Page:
Prayer: Short and Sweet Samples

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On a recent episode of “Ask Pastor John,” John Piper weighed in on the question of impromptu vs. memorized prayers at mealtimes.  I appreciate his measured answer, and I think its wisdom applies to any recurring prayer time.

I think the wise thing to do would be to mix it up. If the only prayers that children hear their parents pray are memorized prayers, it will probably communicate to them that’s the only way that you can pray to God, at least at mealtime.  And yet I don’t want to discount memorized and well thought through prayers, because they too have a blessing…they say things often that we ought to pray and might forget to pray if we hadn’t thought them through.  They’re also easy to memorize for little children, and they have a kind of family identification and bonding effect.

So for today’s post, here are a few of the prayers we’ve incorporated into our family repertoire:

At mealtime:

Bless us, O Lord, and these thy gifts which we are about to receive from thy great bounty.

Give us grateful hearts, O Father, for all thy mercies, and keep us mindful of the needs of others.

We thank thee, Lord, for this our food,
For life, and health, and every good.
By thine own hands may we be fed;
Give us this day our daily bread.
(sung to the tune of The Old 100th, or the Doxology)

Good morning, God!  This is your day.  I am your child; show me your way.(Also a song, and not about meals at all.  But it’s what Abby always chooses when it’s her turn to pray, no matter what time it is!)

At bedtime:

Be present, O Merciful God, and protect us through the quiet hours of this night, so that we who are wearied by the changes and chances of this fleeting world may rest upon thy eternal changelessness.

Lord, may we rest in your peace, safe from all that could harm us, that we might rise again, refreshed and joyful, to praise you throughout another day.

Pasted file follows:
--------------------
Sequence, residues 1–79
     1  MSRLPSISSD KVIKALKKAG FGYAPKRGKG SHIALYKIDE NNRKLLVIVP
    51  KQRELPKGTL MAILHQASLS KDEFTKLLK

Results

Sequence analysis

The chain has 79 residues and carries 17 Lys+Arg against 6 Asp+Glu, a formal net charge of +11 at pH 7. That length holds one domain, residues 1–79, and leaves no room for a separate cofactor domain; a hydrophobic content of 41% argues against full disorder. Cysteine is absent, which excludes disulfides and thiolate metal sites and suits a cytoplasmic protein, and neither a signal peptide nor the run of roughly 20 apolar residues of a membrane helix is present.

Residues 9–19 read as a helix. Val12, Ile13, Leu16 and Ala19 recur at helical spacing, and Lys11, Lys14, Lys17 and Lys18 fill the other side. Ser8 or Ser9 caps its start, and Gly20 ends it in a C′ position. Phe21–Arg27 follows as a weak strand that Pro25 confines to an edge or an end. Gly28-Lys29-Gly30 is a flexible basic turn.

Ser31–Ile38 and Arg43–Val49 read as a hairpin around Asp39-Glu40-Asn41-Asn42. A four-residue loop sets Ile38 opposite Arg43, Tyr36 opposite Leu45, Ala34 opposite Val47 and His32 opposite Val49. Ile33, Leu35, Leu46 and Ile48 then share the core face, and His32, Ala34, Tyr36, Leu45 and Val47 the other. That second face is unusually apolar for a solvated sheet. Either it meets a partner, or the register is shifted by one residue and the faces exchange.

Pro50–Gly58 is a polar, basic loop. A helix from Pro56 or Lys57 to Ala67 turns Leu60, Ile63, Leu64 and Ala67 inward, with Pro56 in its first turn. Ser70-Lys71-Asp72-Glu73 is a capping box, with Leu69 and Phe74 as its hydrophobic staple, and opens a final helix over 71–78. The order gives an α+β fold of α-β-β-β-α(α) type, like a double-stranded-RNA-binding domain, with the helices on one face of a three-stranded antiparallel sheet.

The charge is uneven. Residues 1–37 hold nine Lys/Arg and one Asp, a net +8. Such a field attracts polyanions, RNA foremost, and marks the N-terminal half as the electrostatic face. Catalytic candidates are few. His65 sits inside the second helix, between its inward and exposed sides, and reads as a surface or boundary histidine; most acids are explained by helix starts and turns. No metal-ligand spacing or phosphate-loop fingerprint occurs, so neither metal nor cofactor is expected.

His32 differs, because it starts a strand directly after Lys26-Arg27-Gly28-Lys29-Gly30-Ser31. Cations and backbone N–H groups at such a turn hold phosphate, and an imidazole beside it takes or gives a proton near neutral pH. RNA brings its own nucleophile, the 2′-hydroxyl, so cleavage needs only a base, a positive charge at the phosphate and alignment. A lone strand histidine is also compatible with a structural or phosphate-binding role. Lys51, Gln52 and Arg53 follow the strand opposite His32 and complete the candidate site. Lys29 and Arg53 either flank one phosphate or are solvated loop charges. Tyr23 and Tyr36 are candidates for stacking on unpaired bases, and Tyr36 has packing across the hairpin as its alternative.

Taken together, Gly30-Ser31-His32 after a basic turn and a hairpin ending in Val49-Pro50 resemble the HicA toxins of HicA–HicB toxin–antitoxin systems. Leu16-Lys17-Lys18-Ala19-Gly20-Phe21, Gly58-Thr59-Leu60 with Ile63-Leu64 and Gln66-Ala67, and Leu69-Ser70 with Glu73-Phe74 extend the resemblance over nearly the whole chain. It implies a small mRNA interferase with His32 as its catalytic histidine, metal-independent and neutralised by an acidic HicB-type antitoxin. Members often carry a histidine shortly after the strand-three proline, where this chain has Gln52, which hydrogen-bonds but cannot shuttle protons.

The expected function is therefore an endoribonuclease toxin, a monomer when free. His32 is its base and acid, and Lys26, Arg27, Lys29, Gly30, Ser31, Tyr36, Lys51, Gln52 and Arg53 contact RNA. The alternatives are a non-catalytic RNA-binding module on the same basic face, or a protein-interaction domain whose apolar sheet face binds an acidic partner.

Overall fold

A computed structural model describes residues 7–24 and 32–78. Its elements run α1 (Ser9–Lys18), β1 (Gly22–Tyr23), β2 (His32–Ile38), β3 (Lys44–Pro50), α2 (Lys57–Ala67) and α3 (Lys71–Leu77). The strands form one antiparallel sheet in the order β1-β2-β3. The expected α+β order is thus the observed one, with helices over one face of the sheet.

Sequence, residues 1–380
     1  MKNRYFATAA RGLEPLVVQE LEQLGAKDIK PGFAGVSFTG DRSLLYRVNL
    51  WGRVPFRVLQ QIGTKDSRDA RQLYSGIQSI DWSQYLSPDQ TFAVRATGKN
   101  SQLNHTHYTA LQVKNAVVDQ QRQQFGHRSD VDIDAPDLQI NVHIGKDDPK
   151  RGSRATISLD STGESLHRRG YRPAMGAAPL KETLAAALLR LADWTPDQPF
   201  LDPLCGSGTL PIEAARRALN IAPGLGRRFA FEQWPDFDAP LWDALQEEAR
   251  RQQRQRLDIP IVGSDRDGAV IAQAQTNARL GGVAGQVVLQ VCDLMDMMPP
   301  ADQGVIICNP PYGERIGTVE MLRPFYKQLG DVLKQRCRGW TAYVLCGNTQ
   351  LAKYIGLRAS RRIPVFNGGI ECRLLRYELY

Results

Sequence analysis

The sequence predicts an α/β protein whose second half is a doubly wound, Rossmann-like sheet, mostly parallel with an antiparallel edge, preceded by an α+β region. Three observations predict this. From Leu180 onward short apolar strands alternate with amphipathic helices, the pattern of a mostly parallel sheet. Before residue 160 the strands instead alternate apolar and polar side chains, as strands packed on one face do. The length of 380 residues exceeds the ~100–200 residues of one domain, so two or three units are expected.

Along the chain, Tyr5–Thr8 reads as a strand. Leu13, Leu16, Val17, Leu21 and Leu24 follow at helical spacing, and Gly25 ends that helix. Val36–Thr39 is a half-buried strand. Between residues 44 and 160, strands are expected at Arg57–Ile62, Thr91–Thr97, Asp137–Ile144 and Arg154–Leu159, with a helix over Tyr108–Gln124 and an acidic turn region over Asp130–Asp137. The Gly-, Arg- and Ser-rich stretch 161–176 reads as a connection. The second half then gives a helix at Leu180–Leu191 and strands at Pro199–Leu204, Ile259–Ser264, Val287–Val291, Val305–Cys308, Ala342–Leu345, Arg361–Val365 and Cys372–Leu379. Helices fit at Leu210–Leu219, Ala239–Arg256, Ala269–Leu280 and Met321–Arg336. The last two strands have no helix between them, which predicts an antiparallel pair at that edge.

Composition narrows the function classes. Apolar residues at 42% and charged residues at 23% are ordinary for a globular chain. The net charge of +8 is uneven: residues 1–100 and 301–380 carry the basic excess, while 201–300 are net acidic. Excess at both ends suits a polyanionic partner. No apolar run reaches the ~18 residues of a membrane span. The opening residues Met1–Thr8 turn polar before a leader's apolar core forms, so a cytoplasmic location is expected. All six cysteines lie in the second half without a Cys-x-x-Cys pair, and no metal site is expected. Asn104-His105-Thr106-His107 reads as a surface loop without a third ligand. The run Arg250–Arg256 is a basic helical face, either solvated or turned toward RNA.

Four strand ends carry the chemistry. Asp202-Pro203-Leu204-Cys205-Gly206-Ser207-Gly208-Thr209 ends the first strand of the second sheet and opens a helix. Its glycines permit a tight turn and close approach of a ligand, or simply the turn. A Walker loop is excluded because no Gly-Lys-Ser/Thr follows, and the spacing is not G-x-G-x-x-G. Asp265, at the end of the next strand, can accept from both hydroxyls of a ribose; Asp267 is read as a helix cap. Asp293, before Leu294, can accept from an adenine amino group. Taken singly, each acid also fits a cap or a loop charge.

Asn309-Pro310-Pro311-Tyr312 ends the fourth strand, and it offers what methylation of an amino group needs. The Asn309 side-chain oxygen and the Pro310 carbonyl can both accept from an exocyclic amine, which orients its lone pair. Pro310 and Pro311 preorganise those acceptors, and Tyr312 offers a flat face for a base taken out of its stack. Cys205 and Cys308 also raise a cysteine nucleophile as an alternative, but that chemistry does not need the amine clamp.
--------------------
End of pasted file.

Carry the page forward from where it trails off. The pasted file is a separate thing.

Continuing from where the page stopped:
The peace of Christ be over us to shelter us,
under us to uphold us,
about us to protect us,
behind us to direct us,
ever with us to save us.
May the peace of all peace be ours this night,
In the name of the Father, Son, and Holy Spirit.

(When we’re in the process of learning a new prayer, I literally write it out on an index card and we read it out loud for the first few (or several) times.  It’s a little awkward feeling, but it doesn’t take long before we can recite without the card, which is much more natural. But it is important to pray the exact same words every time, if you’re wanting children to memorize along with you.)

Keep Reading: Meet the Teacher: Ann Voskamp

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2 responses to “Prayer: Short and Sweet Samples

  1. Thank you for this post. I’ve shared with a few friends as we have talked about how to pray with and for our children. We started saying The Lord’s Prayer at bedtime last week, and its been good for all of us to practice this and learn it better.

    • The Lord’s Prayer gets under-used, in my opinion, because so many people have been burned by reciting it mindlessly in liturgical churches. But it is so rich when it is prayed thoughtfully and purposefully!

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